After the toughest year of her life following the tragic death of her boyfriend, Cory Monteith, Glee actress turned pop star Lea Michele talks candidly to Celia Walden about finding her way back to “a good place.”
“So, did you get the shoes?”
I’m in the corner of a cavernous photographic studio in Los Angeles, placing a last-minute eBay bid on a pair of Alaias, when Lea Michele pops up beside me, catching me in the act. Damn. I don’t think I’ve ever known a Hollywood actress be on time before. I’ve certainly never known one to be as warm and easy-going as Lea is from the offset. Within minutes, the 27-year-old Glee star is showing off her impressive British accent (she learnt it from co-star Gwyneth Paltrow’s daughter, Apple, “who speaks with a British accent to her friends and an American one to her mum – it’s the coolest thing I’ve ever seen”), helping herself to a latte almost as large as her (at 5ft 3in, she’s a dinky) and ushering her publicists out of the room (“we don’t need a chaperone”).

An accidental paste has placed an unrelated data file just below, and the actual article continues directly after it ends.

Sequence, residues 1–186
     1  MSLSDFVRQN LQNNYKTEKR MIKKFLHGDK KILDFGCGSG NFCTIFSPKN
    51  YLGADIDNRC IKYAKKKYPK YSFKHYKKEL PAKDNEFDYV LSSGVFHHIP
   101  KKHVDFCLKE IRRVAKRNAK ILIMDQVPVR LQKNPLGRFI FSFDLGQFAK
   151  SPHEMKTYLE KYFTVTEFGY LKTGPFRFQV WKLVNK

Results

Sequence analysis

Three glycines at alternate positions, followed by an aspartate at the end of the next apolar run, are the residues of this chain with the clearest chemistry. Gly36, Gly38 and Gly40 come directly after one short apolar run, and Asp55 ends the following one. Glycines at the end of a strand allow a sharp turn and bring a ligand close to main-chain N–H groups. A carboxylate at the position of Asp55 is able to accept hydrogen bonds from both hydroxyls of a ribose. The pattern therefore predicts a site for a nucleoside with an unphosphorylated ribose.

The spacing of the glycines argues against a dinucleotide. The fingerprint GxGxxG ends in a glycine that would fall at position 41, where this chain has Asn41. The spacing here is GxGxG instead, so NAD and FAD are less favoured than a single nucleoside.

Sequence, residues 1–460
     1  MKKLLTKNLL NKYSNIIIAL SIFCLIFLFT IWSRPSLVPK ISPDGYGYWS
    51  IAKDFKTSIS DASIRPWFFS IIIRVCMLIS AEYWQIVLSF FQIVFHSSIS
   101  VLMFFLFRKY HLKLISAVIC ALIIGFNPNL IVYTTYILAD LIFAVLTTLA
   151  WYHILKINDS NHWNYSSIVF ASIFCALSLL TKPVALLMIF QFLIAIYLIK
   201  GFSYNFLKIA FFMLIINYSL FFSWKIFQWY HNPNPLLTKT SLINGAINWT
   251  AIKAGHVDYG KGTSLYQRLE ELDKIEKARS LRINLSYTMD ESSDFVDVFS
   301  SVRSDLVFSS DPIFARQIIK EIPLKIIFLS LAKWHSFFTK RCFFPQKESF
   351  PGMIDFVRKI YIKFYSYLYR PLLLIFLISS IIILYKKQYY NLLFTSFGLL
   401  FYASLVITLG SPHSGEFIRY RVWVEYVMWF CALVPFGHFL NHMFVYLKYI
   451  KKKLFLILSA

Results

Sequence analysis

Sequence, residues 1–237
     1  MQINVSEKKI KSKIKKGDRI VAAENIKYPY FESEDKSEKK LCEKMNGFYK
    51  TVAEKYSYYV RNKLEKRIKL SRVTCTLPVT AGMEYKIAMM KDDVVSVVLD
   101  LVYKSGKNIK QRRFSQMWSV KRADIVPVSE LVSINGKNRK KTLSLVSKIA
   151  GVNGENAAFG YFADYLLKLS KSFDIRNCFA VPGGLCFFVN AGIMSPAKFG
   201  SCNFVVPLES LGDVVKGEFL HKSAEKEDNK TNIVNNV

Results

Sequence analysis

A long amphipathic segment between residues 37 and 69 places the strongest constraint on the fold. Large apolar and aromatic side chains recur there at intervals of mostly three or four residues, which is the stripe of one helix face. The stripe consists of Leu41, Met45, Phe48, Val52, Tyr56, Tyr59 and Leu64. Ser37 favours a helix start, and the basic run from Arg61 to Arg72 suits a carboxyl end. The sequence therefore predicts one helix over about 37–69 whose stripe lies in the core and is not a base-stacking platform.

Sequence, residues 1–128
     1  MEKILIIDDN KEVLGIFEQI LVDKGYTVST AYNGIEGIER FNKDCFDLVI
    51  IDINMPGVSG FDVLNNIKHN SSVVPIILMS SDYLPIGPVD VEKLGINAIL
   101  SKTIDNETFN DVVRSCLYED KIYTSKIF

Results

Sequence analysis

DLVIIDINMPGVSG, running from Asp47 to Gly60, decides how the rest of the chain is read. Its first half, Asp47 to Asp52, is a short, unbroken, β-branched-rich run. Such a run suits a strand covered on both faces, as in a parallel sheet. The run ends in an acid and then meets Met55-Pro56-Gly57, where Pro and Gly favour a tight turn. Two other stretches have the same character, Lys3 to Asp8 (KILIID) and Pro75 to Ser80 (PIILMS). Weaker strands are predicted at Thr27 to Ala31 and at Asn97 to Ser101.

This refusal to have her minders present, in particular, is surprising. First, because Lea’s rise – ever since she became the poster girl for the global phenomenon that is Glee in 2009 – has been meteoric enough to unsteady any actress, let alone a then 22-year-old TV newcomer, and second, because the actress and singer has every reason to feel vulnerable and wary. Last year was a devastating one for the Bronx-born Lea. In July 2013, she lost her boyfriend and Glee co-star, Cory Monteith, to a heroin overdose. After months of battling drug addiction and stints in rehab, 31-year-old Cory – who played Lea’s on-off love interest – was found dead in a Vancouver hotel room. Lea was inconsolable, postponing the release of her new album, Louder, and retreating to her friend Kate Hudson’s house to try to make sense of the tragedy. “I used that time to really heal and hibernate,” she says now, curled up on a sofa in her dressing room in cut-off jeans and an oversized oatmeal Iro jumper. “I immediately started to try and process everything. I didn’t drown myself in anything toxic.” She pauses. “At the start, it’s hard because you’re so physically and mentally shocked and damaged, but after a while you get tired of physically feeling so horrendous, so I started doing yoga, which really helped. Then gradually your mind catches up with your body. Now I feel a little bit more back together and I have this blank canvas in front of me, which is what my life can be. There’s something sad about that,” she concedes, “but also something good, because I will take that blank canvas and make something beautiful out of it.”